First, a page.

Minister critical of PPC tariffs, content with creditor talks

The main power utility PPC’s electricity tariffs will be reduced for all household categories, under the condition that the utility’s just-revised payback scheme, offering softer terms for PPC consumers with arrears, improves the corporation’s electricity bill collection effort and international crude oil and natural gas prices remain low, the energy minister Panos Skourletis noted at a news conference today.

The current combination of lower household incomes in Greece, down by as much as 45 percent over the past few years, and electricity tariff increases by an equivalent percentage, or possibly more, cannot go on any longer, the minister noted, obviously critical of PPC.

PPC’s revised payback scheme, which will be launched tomorrow and offers all consumers the right to settle arrears over 36 installments without any deposit payment, emerged following pressure applied on the utility by the government.

During the news conference, Skourletis acknowledged that PPC’s large amount of unpaid recievables, estimated at 2.3 billion euros by the utility, have negatively impacted its financial standing and ability to reduce electricity tariffs in the immediate future. Earlier this week, PPC reported a 102 million-euro loss for 2015.

As for the natural gas sector, the minister left open the prospect of a tax hike on natural gas but stressed that, even if imposed, prices would remain lower than last year.

Skourletis condemned the EPA Attiki gas supply company, which covers the wider Athens area, for not having sufficiently decreased its natural gas prices. The company lowered its prices by 11 percent last year, compared to 24 percent by EPA Thessaloniki and EPA Thessalia, the energy minister pointed out.

However, Skourletis partially justified EPA Attiki, saying that the discrepancy could be attributed to the much greater penetration of natural gas in the Thessaloniki and Thessalia markets, which makes operating costs for these suppliers lower.

Acknowledging that the cost of natural gas for the industrial sector is hefty, Skourletis said officials are examining ways to reduce the level of various components leading to the final price. An informal committee is looking into the issue, he said.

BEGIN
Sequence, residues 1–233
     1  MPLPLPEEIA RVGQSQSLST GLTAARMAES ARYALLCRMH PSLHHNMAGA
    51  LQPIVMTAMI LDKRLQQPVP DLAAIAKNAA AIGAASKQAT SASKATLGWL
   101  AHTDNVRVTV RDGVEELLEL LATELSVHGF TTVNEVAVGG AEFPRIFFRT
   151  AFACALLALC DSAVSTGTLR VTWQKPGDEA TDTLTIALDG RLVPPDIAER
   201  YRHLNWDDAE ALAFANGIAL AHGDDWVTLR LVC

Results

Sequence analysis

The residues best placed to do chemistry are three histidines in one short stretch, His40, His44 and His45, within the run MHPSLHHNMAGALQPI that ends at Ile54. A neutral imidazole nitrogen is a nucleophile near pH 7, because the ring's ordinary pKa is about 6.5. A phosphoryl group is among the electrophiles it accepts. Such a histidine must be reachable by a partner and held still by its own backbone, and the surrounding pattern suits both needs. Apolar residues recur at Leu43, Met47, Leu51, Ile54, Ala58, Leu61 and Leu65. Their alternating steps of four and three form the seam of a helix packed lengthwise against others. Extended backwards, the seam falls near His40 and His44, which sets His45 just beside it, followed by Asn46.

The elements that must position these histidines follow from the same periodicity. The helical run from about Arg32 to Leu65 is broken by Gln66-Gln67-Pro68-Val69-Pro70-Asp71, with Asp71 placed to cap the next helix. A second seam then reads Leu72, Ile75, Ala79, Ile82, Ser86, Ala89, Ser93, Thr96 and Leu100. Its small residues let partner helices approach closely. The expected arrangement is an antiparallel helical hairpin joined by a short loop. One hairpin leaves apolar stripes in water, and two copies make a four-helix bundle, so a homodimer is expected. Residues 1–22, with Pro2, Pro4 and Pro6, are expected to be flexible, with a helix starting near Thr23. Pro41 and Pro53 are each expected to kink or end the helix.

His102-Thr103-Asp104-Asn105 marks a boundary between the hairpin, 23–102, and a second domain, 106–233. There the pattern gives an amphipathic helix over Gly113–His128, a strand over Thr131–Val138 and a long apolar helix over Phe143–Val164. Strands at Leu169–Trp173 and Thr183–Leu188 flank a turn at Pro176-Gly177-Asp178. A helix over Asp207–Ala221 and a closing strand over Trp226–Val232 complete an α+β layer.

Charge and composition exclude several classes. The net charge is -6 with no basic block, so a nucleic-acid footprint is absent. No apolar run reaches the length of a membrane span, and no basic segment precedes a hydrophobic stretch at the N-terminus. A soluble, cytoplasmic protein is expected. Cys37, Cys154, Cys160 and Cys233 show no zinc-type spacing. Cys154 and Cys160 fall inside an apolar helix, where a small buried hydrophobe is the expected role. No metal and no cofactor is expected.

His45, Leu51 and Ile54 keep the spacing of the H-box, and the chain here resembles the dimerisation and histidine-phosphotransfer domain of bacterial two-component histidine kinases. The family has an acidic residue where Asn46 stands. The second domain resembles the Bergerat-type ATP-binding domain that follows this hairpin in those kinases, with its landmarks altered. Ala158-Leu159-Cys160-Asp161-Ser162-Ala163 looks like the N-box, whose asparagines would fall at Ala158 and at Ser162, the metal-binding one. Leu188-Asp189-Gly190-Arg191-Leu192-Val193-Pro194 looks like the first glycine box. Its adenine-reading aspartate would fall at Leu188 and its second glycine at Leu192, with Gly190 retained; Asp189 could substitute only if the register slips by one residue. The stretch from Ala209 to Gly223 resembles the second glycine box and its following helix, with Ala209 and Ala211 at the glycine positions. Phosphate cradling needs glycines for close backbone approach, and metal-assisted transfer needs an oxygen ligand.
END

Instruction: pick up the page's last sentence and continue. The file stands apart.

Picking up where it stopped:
The minister expressed satisfaction over the progress being made in negotiations with the country’s creditor representatives for major energy-sector matters, especially plans to introduce NOME-type auctions into the Greek market and split the power grid operator IPTO from PPC, its parent company. Both issues will soon be finalized, when creditor representatives return for a bailout deal review, Skourletis said.

The effort to sell a 66 percent stake of DESFA, the gas grid operator, to Azeri energy company Socar and other certified European operators has stalled as a result of a dispute concerning network usage fees. Skourletis wants to nullify original terms that would allow the prospective buyers to significantly increase network usage fees by levels of as much as 60 percent. These network usage fees represent DESFA’s earnings. Skourletis said the Greek government had forwarded a proposal to Socar and is awaiting a response.

The minister declared official the government’s interest in steering PPC towards corporate partnerships with private-sector investors for ventures that would include PPC’s lignite-fired power stations and hydropower facilities. “All is open for discussion,” he commented.

Skourletis also highlighted the importance of major infrastructure projects headed for development, such as the TAP natural gas pipeline, to carry Azeri gas to central Europe via northern Greece, Albania and Italy, and whose construction will be officially launched at a ceremony in Thesssaloniki on May 17; the Greek-Bulgarian IGB interconnector; as well as a floating LNG terminal in Alexandroupoli, northeastern Greece.